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Inappropriate Opioid Prescribing in Oregon's Coordinated Care Organizations.


ABSTRACT:

Objectives

The objective of this study is to identify demographic and clinical characteristics of patients with a pain diagnosis who fill potentially inappropriate opioid prescriptions within the Oregon Medicaid population.

Methods

Using de-identified Oregon Medicaid claims data (2010-2014), a series of logistic regression models was estimated to identify factors associated with receipt of potential inappropriate opioid prescriptions among patients with acute or chronic pain. Analyses included a total of 204,364 records, representing 118,671 unique patients.

Results

The percentage of patients with a pain diagnosis filling at least 1 inappropriate opioid prescription decreased over the study period, falling from 32.5% in 2010 to 22.3% in 2014. Multivariate logistic regression results indicated that white and older enrollees were more likely to fill an inappropriate prescription over the study period. The odds of filling an inappropriate opioid prescription were also greater for patients with chronic health conditions, psychiatric disorders, and substance use disorder. Results were similar for patients diagnosed with either acute or chronic pain, chronic pain only, or acute pain only.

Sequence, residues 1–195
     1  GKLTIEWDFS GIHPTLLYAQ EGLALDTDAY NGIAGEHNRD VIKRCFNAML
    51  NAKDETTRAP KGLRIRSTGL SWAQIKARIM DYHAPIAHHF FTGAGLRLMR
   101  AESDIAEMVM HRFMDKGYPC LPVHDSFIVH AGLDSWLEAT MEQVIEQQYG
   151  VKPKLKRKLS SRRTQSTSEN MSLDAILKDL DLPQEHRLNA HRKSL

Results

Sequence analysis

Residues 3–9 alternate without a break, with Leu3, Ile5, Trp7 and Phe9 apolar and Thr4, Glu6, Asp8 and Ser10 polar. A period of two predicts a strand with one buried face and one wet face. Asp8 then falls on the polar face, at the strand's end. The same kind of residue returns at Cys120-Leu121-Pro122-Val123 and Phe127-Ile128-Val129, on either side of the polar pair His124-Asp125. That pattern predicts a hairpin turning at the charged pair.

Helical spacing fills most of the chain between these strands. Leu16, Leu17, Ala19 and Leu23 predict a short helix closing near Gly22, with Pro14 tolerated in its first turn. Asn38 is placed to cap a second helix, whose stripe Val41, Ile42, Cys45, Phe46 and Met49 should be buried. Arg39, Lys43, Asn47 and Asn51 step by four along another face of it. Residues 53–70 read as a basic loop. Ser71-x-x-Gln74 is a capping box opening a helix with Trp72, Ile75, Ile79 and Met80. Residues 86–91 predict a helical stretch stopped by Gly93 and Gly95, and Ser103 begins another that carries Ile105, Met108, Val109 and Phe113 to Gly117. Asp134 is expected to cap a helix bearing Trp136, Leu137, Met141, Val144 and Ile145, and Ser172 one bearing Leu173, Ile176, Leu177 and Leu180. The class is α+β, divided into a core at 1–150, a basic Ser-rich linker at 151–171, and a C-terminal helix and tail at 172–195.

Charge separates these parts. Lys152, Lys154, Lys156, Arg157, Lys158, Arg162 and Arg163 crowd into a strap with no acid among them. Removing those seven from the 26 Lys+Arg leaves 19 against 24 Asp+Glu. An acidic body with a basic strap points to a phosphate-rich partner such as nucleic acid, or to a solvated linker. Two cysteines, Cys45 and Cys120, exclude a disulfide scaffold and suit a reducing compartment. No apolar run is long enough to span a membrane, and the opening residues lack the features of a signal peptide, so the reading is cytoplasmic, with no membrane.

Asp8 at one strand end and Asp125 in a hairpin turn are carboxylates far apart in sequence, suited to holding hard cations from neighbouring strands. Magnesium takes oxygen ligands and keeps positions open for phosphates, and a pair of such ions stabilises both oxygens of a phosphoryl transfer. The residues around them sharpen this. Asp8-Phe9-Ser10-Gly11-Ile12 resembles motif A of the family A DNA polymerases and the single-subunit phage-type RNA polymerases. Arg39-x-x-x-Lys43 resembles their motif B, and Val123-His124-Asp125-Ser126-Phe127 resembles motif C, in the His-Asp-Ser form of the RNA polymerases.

Conclusions

Inappropriate opioid prescribing for patients with pain diagnoses decreased over the study period, which stands in stark contrast to other state Medicaid programs. However, in 2014, almost 23% of patients in the Oregon Medicaid program filled at least 1 inappropriate opioid prescription, suggesting additional strategies are needed to further reduce potential inappropriate prescribing. Medicaid programs may consider adopting enhanced prescription drug monitoring program features, enacting pain clinic legislation, and implementing additional prior authorization policies to reduce inappropriate prescribing of opioids.

PROVIDER: S-EPMC7148165 | BioStudies |

REPOSITORIES: biostudies

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